4.4 The CMO reported that Omicron was first reported by South Africa to the World Health Organisation the previous week and was now rapidly becoming the most dominant variant in that country. Since then, the variant had been identified in mainland Europe, Scotland and England, and it was only a matter of time before cases would appear in Wales.
4.5 Evidence from South Africa suggested that omicron had increased transmissibility when compared to the Delta variant with the potential to re-infect those who had been previously infected. It was not known at this stage whether omicron would be more harmful.
4.6 The public health response would be to try and control entry of the new variant into the country and then slow its introduction into the population by using TTP and requiring those infected and close contacts to self-isolate. Generally, the population would be encouraged to maintain social distancing and wear face coverings while indoors. The JCVI was expected to recommend an acceleration of the vaccine programme across the UK later that afternoon.
4.7 In terms of the Delta variant, the situation was still improving with a significant reduction in infection rates in the over 60s being reported.
4.8 The Chief Scientific Adviser for Health advised Cabinet the South African infection rate had increased approximately tenfold, from 200-300 cases per day to around 2,000-3000 per day and cases in the population had increased from 1% to 30%. The initial projections on the spread of the variant had already been surpassed, suggesting that Omicron had the potential to escape the vaccines. Given the high natural immunity in South Africa from previous infections there should have been a better resistance to this strain.
4.9 The Delivery Programme Director for the NHS indicated that those in hospital with COVID-19 continued to fall. Daily admissions had reduced from 45 to 30 and there were currently 634 people occupying beds. The situation was also improving with those in critical care, with now only 47 beds occupied by patients with coronavirus. However, these occupancy rates were still above the historic maximum.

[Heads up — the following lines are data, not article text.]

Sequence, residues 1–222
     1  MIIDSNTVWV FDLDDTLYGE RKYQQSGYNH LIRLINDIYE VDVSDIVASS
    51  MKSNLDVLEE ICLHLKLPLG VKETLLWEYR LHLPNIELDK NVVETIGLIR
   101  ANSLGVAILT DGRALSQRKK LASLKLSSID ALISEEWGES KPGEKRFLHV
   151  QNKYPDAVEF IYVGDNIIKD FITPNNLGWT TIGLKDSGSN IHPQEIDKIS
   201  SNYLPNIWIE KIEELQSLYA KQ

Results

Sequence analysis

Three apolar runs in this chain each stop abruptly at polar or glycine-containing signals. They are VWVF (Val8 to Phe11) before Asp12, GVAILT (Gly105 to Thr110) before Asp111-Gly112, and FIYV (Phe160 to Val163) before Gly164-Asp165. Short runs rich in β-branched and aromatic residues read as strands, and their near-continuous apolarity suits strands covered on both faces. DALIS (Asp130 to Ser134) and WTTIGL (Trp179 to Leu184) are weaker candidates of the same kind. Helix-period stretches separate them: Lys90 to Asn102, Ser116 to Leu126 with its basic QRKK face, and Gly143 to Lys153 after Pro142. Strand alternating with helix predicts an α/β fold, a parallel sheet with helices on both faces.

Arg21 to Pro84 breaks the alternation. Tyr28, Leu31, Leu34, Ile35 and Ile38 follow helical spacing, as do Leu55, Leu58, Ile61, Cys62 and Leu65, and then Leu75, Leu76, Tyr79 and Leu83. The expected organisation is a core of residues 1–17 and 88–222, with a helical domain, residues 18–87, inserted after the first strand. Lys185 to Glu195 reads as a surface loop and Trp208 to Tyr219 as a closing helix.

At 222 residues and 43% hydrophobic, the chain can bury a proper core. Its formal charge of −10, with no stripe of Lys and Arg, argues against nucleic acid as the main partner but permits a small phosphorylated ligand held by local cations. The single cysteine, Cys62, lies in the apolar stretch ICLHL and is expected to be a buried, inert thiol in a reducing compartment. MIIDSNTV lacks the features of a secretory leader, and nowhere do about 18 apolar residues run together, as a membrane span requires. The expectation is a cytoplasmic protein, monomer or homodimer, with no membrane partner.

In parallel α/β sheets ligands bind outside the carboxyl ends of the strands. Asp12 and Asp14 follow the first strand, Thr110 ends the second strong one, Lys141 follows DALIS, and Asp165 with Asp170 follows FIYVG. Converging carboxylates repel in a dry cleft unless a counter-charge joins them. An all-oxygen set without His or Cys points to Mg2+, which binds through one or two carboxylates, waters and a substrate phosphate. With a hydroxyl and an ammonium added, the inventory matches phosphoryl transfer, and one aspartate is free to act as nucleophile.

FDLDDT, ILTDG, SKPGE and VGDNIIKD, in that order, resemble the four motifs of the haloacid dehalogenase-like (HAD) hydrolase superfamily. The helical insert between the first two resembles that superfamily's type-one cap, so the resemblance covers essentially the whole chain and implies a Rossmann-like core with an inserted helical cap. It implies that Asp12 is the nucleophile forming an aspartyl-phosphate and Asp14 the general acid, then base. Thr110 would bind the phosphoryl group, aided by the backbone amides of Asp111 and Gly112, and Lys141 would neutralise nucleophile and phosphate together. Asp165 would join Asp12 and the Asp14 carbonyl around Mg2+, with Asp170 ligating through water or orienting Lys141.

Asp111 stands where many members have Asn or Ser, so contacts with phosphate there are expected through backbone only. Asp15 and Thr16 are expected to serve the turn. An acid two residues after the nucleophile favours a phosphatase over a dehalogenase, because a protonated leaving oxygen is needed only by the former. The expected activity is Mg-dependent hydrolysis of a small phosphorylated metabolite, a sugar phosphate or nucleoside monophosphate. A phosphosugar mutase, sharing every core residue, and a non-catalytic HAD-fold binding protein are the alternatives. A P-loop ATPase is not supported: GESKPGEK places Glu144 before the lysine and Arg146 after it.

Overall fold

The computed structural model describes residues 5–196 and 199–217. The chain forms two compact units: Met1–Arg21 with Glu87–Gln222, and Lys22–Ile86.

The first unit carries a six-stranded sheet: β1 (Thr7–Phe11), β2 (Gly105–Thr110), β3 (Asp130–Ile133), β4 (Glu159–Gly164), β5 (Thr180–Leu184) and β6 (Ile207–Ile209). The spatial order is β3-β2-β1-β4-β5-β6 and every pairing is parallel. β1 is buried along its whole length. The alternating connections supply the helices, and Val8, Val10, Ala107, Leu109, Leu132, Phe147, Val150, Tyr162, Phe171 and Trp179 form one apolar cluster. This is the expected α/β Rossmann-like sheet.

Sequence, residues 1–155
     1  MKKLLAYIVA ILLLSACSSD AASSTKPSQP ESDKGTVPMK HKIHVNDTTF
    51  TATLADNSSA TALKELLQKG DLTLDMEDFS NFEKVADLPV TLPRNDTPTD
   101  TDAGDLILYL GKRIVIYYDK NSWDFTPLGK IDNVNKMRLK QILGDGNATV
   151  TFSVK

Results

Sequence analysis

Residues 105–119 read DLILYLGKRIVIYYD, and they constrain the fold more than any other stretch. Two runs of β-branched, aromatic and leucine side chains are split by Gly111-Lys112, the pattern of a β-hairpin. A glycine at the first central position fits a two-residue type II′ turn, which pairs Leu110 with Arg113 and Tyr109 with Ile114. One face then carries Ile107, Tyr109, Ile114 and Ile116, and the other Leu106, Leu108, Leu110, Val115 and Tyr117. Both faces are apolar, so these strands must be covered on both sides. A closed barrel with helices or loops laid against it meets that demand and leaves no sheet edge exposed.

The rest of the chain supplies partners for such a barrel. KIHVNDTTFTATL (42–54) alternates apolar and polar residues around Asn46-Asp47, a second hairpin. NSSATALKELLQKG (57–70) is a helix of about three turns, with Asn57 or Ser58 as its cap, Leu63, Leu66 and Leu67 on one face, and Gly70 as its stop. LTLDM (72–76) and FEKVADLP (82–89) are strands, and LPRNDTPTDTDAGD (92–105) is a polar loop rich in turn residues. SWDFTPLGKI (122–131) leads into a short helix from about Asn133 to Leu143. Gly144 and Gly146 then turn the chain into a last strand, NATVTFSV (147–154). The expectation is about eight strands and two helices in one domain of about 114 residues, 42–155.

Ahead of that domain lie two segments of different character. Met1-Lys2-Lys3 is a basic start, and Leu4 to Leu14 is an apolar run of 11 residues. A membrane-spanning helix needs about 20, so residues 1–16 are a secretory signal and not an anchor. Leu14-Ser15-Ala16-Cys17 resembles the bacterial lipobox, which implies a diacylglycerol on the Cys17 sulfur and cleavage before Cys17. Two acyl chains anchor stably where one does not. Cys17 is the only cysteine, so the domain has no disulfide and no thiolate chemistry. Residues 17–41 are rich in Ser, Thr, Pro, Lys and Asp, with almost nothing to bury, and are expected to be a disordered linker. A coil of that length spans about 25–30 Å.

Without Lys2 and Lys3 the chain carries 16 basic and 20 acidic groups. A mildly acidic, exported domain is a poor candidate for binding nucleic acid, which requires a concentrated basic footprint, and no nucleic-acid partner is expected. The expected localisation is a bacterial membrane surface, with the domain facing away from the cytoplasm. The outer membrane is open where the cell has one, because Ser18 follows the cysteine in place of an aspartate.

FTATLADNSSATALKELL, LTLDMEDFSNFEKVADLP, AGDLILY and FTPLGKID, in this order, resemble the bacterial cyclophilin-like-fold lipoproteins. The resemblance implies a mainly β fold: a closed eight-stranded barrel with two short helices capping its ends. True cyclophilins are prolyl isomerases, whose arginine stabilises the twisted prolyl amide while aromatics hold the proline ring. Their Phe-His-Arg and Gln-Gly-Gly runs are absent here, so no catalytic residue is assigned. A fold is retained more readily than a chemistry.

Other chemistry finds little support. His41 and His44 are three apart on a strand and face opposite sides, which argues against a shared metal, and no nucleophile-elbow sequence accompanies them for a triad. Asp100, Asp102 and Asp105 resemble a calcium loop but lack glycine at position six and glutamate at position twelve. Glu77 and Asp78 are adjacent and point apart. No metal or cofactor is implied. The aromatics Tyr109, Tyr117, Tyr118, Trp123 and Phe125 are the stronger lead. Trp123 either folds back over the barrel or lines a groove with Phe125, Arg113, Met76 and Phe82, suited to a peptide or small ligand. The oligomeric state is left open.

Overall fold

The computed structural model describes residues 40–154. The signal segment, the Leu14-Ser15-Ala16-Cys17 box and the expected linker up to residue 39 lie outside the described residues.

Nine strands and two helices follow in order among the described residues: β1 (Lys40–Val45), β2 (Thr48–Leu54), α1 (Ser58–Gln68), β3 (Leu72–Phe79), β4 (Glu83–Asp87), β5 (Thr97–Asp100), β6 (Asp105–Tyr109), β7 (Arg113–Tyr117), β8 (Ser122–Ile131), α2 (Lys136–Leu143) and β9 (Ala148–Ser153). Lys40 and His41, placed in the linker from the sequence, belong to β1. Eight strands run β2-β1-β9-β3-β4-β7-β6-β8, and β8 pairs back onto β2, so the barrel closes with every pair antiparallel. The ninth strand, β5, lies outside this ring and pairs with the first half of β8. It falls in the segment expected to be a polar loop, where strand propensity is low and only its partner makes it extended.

4.10 The First Minister informed Cabinet there had been a series of meetings over the weekend to consider the impact of the new variant. However, the UK government had continued to take decisions without consulting the devolved nations. The First Minister, along with the First Minister of Scotland, had written to the Prime Minister seeking an urgent meeting of COBRA to discuss a co-ordinated four Nations approach to Omicron. They had also called for tighter travel restrictions and Treasury support should lockdown measures be required in Wales or Scotland.
4.11 It was reported that plans had been drawn up over the weekend to enhance the vaccination programme with the aim of increasing the number of people receiving boosters from 128,000 to 300,000 a week. It would be extended to all adults and the gap between the second dose and the booster would be reduced from 6 to 3 months. In addition, those who were immune-suppressed would be offered a booster 3 months after their third primary dose and all 12-15 year olds were eligible for a second dose.
4.12 Ministers agreed it would be important to continue to encourage all those who had not been vaccinated to come forward, particularly those in Black, Asian and Minority Ethnic communities.
4.13 It was noted the UK had moved quickly over the weekend to add southern African countries linked to Omicron to the red list for international travel, requiring anyone returning to the UK from these nations to quarantine in a managed hotel for 10 days.
4.14 Cabinet considered the impact on the education sector and agreed that the use of face coverings should be strengthened in secondary schools, colleges and Universities for the rest of the winter term. All staff and learners would be required to wear such coverings while indoors when physical distancing could not be maintained.
4.15 Ministers agreed that more should be done to enforce the regulations and noted the case against Cinema and Co Ltd, which had refused to comply with the Health Protection (Coronavirus Restrictions) (Wales) (No.5) Regulations, was being considered in Swansea Magistrate Court the following day.
4.16 It was agreed that Cabinet would need to reconvene on Thursday to consider developments in relation to the omicron variant in advance of the next formal review, which was scheduled to take place the following week.